When ground beef smells sour, what should you do? Is this ever normal, or is it a definitive sign of spoilage? This guide will tell you all you need to know about how ground beef is supposed to smell, and what to do when it smells off.
Ground Beef Smells Sour
If your ground beef has a sour smell, that’s a strong indication that spoilage microbes have taken up residence within the meat. The smells come from the meat as it decomposes, as well as the bacteria themselves. Discard any ground beef that smells off, whether it’s raw or cooked.
Ground Beef: The Basics
When cuts of beef are fed through the meat grinder, they’re minced into small pieces. This gives the meat a soft, malleable texture that can be easily formed into patties or meatballs.
Though some butchers will make ground beef using scraps, the results are more impressive when you start with a whole muscle cut. Chuck, round, and sirloin make the best ground beef, but brisket is another possibility.
Lean cuts, such as tenderloin, are not ideal for ground beef because they don’t contain enough fat. Ground beef should have a fat content of at least 10 percent, and in this case, it would be considered very lean. A protein-to-fat ratio of 80 to 20 is preferable.
Ground beef is a highly versatile ingredient. You can brown it in its loose form and use it as a filling for casseroles, tacos, lasagna, or samosas. It also makes a hearty base for meat sauces, especially for pasta.
When the beef is formed into patties, it’s often used for burgers. While this is a delicious option, you can form ground beef into various shapes, using different flavor combinations to turn out recipes that range from the comforting to the exotic.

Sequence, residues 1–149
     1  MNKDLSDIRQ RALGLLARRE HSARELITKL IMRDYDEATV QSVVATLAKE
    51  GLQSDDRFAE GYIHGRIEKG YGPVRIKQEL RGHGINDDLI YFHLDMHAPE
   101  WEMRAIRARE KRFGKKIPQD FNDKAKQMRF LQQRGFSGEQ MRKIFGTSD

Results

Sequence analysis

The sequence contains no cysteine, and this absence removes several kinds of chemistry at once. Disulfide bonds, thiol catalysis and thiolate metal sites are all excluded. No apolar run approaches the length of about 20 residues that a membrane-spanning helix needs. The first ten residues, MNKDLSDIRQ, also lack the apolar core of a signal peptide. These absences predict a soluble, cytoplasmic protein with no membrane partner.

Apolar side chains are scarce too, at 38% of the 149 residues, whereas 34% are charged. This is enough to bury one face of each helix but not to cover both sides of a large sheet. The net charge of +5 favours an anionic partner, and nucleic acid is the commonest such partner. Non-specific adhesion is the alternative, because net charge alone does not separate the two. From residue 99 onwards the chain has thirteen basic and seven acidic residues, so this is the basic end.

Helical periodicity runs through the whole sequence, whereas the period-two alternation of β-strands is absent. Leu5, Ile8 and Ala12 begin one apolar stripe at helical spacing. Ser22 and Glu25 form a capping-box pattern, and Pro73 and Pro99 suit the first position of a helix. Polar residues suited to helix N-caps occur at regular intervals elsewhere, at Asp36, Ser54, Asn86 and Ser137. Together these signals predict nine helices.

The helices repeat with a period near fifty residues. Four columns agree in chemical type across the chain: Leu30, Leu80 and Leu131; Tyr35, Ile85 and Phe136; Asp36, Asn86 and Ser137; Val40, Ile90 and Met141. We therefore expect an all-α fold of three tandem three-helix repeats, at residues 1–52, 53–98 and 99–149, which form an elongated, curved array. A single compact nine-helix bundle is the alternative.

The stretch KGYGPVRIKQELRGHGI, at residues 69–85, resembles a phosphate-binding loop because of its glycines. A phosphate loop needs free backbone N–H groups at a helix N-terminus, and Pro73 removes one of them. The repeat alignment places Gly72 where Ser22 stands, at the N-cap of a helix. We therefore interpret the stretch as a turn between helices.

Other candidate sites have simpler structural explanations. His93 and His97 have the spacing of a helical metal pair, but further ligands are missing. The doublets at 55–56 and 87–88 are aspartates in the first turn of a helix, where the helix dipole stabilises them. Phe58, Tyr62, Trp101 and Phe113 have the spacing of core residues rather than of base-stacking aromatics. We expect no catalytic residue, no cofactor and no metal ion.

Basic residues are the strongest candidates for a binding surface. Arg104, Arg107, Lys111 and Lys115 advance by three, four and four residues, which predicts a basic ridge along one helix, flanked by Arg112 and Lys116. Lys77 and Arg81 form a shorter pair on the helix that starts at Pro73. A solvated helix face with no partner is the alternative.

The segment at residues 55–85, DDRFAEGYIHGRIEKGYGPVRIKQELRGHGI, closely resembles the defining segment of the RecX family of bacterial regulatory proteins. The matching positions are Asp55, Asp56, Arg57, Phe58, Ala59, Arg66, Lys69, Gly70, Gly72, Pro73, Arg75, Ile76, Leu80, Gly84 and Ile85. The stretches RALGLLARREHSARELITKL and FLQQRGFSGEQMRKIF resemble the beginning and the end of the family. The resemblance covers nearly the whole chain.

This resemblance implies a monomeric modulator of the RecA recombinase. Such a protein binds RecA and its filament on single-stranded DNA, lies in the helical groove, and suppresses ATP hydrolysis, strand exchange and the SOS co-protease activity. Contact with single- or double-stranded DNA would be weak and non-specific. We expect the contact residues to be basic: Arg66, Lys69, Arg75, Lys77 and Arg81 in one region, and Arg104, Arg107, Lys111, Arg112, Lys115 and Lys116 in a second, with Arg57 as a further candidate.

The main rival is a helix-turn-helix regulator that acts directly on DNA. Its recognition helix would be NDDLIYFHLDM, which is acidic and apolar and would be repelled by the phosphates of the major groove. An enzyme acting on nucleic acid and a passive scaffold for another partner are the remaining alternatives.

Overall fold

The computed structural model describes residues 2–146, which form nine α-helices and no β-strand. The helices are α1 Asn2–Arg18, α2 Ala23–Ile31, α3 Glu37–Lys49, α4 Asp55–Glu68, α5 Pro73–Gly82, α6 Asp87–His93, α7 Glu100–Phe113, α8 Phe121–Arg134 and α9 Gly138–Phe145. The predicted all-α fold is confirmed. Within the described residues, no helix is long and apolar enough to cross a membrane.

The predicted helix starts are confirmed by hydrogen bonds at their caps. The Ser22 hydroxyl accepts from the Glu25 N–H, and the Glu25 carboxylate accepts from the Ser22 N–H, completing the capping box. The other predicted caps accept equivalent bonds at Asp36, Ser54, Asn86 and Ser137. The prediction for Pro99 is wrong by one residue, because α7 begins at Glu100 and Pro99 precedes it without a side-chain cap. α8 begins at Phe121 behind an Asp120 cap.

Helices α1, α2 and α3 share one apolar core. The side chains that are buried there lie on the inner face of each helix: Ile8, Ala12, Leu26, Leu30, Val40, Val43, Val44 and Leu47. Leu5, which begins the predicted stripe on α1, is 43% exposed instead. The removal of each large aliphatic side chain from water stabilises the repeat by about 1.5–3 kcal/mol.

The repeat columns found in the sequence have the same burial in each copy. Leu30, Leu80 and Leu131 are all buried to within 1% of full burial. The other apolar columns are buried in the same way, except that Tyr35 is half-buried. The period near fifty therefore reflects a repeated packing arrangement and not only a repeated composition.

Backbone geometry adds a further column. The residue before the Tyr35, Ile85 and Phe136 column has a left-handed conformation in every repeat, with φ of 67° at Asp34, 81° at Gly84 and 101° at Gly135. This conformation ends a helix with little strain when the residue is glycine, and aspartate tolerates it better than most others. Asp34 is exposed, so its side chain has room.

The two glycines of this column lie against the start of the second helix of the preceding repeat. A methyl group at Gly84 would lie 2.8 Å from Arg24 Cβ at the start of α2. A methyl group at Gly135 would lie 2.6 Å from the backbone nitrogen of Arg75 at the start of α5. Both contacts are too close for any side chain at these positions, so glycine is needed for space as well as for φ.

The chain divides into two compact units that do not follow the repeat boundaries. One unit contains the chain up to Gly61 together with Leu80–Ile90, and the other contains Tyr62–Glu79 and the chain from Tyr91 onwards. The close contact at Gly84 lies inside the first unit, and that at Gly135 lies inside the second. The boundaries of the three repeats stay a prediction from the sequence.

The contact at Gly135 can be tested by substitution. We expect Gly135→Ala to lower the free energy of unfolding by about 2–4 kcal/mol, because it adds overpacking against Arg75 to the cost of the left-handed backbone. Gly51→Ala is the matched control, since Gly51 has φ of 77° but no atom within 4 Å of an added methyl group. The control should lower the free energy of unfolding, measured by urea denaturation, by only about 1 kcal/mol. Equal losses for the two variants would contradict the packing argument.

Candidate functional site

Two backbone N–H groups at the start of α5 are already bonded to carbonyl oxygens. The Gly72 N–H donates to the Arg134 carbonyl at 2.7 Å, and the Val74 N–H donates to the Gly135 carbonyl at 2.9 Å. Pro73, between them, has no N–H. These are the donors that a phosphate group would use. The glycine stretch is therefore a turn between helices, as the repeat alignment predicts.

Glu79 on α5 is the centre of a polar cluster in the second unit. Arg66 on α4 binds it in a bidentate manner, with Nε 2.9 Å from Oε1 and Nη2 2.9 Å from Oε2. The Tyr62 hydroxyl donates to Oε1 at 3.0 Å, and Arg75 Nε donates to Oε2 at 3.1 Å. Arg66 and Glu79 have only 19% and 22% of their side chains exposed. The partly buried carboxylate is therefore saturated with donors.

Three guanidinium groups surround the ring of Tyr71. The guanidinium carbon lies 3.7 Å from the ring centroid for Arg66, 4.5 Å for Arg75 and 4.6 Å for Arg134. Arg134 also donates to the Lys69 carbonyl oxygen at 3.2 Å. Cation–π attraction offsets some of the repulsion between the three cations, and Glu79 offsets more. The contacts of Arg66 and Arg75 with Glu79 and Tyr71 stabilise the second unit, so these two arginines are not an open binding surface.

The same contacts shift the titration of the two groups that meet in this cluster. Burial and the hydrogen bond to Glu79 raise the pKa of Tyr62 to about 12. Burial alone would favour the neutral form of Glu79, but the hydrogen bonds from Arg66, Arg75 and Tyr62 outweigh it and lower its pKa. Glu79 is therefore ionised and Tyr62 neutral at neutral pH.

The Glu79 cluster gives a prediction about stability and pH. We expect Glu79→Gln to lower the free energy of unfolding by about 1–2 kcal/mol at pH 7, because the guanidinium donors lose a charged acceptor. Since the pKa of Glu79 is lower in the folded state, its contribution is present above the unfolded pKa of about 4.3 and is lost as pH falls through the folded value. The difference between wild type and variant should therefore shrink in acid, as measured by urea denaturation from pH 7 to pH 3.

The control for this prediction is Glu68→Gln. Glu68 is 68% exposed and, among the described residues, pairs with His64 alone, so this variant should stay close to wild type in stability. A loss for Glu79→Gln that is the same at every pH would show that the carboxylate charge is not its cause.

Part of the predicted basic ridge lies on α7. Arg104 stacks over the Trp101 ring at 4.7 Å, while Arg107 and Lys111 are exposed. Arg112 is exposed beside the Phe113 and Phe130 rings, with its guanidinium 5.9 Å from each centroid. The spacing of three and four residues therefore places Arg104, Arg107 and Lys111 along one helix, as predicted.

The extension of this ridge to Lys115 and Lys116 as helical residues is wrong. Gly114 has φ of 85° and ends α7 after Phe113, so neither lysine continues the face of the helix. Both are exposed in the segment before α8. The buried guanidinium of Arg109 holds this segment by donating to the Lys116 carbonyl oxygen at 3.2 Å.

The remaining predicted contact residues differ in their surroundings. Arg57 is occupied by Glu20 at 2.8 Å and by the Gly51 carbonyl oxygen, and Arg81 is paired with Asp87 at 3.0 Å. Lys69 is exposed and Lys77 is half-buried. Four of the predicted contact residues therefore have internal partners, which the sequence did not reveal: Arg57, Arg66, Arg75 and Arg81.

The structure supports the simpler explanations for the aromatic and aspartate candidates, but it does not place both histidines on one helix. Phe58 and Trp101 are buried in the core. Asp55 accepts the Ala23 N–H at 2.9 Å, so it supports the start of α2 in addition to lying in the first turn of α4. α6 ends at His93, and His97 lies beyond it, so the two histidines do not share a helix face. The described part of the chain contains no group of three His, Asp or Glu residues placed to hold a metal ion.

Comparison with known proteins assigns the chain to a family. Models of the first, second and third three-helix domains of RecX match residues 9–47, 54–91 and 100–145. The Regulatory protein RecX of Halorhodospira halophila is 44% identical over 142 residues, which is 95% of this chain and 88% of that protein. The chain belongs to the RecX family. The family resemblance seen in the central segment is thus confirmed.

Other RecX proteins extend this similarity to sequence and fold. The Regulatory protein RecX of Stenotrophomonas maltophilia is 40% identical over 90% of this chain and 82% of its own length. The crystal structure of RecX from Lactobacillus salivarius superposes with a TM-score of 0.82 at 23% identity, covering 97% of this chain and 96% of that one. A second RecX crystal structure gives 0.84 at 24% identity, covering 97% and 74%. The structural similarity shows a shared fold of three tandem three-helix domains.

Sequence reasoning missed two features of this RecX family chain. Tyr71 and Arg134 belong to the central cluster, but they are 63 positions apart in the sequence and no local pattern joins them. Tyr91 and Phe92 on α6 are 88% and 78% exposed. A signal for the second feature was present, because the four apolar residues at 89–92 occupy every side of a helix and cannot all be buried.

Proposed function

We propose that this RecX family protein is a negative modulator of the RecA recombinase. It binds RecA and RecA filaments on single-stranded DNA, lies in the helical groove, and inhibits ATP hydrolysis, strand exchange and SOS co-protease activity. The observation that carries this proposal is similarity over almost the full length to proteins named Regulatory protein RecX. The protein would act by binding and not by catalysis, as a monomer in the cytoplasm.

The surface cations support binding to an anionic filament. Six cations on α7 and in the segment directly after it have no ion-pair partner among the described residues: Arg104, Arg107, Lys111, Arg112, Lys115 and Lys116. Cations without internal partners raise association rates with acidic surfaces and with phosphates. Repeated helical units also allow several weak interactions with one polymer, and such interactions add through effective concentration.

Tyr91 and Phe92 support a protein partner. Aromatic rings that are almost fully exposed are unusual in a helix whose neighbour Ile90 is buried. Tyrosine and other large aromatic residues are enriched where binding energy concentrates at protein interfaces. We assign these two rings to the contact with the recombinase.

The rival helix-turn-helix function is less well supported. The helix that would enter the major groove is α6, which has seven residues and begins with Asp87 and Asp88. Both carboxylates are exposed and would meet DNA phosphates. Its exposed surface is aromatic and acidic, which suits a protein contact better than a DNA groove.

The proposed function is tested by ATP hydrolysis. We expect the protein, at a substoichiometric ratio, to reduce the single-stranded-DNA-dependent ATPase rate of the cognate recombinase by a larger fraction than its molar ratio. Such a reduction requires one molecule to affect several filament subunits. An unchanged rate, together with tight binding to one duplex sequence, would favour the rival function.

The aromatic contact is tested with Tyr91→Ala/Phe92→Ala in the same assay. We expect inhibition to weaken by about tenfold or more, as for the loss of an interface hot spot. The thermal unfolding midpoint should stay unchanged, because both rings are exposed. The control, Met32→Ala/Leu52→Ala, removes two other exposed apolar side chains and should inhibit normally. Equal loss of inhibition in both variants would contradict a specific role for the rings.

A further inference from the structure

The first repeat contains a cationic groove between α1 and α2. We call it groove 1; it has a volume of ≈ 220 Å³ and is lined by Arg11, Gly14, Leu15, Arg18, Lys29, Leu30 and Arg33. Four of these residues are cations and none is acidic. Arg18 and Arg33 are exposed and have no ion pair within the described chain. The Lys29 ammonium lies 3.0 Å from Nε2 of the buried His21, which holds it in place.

What Does Ground Beef Smell Like?
Raw ground beef doesn’t have much of a scent. You might be able to detect a faint, imperceptible odor, but it shouldn’t be all that noticeable, much less unpleasant.
The next time you purchase ground beef that’s undoubtedly fresh, give it a whiff. That’s what the meat should smell like all the time. Strong odors are generally indicative of spoilage (as you’ll come to learn).
What if Ground Beef Smells Sour?
Ground beef should never smell sour, whether it’s raw or cooked. Unless you’ve smothered the cooked meat in vinegar (and we can’t imagine why you would), there’s no reason why it should have a sour odor.
We’ve noticed that the ground beef tends to exhibit a sour stench more when it’s cooked than when it’s still raw. When raw ground beef is spoiled, it smells more like sulfur or rotten eggs.
What causes these foul odors? When meat hangs around too long, it begins to harbor spoilage microbes, such as bacteria, yeast, and mold. That’s when the decomposition process begins.
As the microbes decompose the meat, the meat will release chemicals which can result in unpleasant smells. The microbes themselves may also smell funky, depending on their nature.
Either way, ground beef that smells sour is no longer fresh. While consuming spoiled meat won’t necessarily make you sick, there is definitely a risk involved. What’s more, spoiled ground beef won’t taste good anyway, so it’s a lose-lose situation.
Signs of Spoilage
As we’ve mentioned, the way the meat smells should go a long way towards telling you whether or not it’s still fresh. If you don’t notice much of a scent, then it should be good to go. If you notice a sour, sweet, or otherwise unpleasant odor, throw it out.